The recent Census of Agriculture shows that there is tremendous potential for growth among the smaller producers that make up the middle of American agriculture, but they need our support to get there.
That can mean a lot of different things. Some small and mid-sized farms and ranches are happy just the way they are, and simply need stability to help them keep afloat during tough times. Others want to grow and expand, but don’t know how to access support that meets their specific needs.
Recognizing these challenges, we have launched a new package of education, credit, technical assistance, and marketing tools and resources geared specifically to small and mid-sized farmers and ranchers.
One major challenge that can make or break an operation is access to capital, so USDA has recently updated some of our loan programs to make them more accessible and navigable for small and mid-sized farmers and ranchers.
For example, our hoop house cost share program is now available in all 50 states, helping small and mid-sized farmers produce and sell more over an extended growing season. Soon, we’ll make an additional $15 million available to help farmers in persistent poverty areas in 19 states build hoop houses.
Our new microloan program allows small and mid-sized farmers and ranchers to use a simplified application process to apply for up to $35,000 in loans. So far, we’ve helped more than 4,900 farmers and ranchers access capital through the program—to the tune of $97 million.
One of many success stories that has come out of this program is that of a Native American beginning rancher in Washington State. He operates in a remote area where commercial lending is not easily accessible. Thanks to the microloan program, he was able to receive a loan to purchase cattle and was paired with a more seasoned mentor to provide council and support during his first years of ranching.
We’ve also made some changes to the Farm Storage Facility Loan program to make it more accessible and better tailored to the needs of smaller producers. Fruit and vegetable farmers can now use the program to purchase wash and pack stations along with their cold storage equipment, improving food safety and efficiency on the farm. In addition, diversified producers like those selling Community Supported Agriculture shares are eligible for a waiver to the requirement they carry crop insurance or NAP coverage when they apply, if those products aren’t right for their business model.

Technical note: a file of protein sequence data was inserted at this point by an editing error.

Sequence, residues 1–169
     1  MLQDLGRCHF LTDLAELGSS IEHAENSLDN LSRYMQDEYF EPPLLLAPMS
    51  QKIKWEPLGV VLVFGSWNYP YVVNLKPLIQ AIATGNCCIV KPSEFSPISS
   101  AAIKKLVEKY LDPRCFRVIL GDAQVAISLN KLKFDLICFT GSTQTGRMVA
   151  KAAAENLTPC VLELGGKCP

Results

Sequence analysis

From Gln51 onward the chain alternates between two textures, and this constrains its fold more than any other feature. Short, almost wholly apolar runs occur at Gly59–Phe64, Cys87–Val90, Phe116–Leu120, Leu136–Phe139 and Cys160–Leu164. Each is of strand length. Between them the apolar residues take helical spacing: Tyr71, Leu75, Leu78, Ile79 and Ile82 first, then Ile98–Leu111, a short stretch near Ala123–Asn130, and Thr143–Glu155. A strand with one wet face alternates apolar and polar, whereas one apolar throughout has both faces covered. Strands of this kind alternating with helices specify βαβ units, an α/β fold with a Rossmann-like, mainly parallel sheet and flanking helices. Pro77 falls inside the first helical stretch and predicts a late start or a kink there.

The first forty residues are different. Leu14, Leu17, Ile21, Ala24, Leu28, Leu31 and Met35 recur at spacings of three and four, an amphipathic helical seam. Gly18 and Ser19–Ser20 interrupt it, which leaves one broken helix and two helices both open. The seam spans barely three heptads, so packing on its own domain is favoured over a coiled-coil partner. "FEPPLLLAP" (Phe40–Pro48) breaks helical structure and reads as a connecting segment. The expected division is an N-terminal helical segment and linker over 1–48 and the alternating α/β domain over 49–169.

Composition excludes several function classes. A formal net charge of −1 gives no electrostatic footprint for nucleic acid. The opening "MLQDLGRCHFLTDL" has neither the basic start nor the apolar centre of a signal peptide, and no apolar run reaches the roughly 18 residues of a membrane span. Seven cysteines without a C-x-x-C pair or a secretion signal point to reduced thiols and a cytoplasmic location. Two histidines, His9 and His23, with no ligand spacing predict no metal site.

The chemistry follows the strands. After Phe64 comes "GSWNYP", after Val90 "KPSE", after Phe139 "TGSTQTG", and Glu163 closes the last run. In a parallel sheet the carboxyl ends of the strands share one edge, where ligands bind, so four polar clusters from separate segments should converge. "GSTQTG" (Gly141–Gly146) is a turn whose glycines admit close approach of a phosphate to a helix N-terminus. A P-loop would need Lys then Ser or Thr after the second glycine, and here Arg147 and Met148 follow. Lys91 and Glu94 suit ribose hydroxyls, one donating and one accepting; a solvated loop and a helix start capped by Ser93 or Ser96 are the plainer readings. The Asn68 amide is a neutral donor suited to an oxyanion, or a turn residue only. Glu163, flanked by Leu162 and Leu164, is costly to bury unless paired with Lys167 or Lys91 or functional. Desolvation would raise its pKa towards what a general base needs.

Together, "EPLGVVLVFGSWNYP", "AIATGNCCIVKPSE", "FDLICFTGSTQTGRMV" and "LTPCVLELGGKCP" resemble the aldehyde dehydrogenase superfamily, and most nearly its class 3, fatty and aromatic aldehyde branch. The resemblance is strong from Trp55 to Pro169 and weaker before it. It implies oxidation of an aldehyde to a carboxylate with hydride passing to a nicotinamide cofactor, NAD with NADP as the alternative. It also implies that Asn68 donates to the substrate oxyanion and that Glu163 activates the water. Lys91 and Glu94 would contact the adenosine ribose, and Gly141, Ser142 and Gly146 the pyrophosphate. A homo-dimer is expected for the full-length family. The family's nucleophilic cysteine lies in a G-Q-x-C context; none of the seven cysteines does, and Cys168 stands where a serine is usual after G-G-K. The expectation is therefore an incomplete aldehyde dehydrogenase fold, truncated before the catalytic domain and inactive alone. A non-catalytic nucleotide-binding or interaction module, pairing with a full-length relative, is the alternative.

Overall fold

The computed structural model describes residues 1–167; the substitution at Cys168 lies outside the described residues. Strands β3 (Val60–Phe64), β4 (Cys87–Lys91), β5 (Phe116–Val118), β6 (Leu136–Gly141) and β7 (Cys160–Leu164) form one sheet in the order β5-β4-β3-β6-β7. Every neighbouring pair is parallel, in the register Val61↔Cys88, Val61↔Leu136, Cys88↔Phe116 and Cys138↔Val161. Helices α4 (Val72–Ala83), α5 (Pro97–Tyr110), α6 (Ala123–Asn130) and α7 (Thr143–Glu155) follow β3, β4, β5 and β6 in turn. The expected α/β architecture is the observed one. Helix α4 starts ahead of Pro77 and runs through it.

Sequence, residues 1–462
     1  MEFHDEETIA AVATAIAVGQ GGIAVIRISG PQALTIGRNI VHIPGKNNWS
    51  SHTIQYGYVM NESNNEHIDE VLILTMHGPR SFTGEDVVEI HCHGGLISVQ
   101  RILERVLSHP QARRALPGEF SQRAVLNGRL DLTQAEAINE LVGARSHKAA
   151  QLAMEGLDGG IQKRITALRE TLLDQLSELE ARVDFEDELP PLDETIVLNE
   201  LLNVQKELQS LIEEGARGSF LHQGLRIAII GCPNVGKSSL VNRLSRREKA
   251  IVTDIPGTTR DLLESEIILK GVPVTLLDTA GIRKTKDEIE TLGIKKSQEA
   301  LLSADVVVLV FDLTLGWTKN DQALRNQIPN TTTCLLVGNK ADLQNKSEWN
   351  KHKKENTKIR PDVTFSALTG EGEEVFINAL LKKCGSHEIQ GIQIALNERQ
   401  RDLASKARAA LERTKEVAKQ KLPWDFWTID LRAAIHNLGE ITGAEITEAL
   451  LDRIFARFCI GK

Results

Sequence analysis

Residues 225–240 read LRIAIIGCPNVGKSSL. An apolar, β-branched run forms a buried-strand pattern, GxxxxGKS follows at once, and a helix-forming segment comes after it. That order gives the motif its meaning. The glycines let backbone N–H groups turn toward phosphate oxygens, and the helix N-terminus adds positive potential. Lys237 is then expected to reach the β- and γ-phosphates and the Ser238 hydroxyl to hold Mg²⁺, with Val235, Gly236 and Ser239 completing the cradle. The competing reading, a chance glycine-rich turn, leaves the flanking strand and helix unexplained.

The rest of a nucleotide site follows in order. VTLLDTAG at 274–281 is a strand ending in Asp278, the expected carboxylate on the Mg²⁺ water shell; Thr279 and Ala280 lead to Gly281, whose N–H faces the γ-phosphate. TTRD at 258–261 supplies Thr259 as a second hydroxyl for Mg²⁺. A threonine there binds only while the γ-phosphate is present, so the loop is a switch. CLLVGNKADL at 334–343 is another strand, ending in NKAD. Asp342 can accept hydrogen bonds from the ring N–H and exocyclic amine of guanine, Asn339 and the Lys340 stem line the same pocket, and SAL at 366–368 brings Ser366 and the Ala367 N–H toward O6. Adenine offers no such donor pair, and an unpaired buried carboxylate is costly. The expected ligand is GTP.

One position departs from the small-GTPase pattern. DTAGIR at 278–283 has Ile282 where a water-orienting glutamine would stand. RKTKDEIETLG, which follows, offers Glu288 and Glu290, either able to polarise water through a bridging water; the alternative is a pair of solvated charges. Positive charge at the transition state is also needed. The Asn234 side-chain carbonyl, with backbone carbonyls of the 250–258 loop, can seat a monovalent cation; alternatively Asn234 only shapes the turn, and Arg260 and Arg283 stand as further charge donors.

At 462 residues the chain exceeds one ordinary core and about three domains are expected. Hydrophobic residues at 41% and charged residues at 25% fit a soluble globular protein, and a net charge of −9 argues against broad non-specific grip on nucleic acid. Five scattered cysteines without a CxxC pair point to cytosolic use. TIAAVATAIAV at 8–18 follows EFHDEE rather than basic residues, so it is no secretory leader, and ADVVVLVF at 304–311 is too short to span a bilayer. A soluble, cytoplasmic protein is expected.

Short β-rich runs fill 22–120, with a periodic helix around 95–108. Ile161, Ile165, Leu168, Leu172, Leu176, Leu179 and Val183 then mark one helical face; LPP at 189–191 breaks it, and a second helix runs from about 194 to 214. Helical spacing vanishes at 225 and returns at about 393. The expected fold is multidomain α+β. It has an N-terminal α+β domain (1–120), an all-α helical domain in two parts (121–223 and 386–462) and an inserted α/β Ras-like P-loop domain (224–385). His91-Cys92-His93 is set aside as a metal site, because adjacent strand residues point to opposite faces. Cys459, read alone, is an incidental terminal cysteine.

Equally important to the viability of an operation is access to markets. We’ve made some changes in this area, too, with the goal of helping small and mid-sized farms and ranches find and break into new markets. Market News, which provides real time price, volume, supply and demand information, has expanded to include data on grass-fed beef and local foods—valuable to folks engaged in those marketplaces.
We’ve also hired seven new Farm to School regional coordinators to help farmers and ranchers tap into the growing potential in the school food market. In school year 2011-2012—before USDA had even established a formal Farm to School program—schools spent nearly $355 million on food grown by their local farmers and ranchers, and more than half of schools at the time planned to spend even more in the coming year.
Opportunities for small and mid-sized farms span the meal tray. Fruits and vegetables, fluid milk and baked goods are among the most popular, but schools are interested in increasing purchases of meat, poultry and eggs as well. Our coordinators are on the ground helping farmers and ranchers do business directly with school customers, a move that supports both healthy foods in schools and a healthy farm economy. Our work to support these and other local and regional food systems at USDA continues to be coordinated and strengthened through our Know Your Farmer, Know Your Food initiative.
These changes are just a start. We must do more to foster and protect the wide diversity of thriving farms and ranches across rural America. We will continue to ensure that our programs and policies meet the evolving needs of American agriculture, and will adjust policies and strengthen outreach to better reach small and mid-sized farmers and ranchers. With you, we will build an agricultural landscape where there is room and opportunity for all.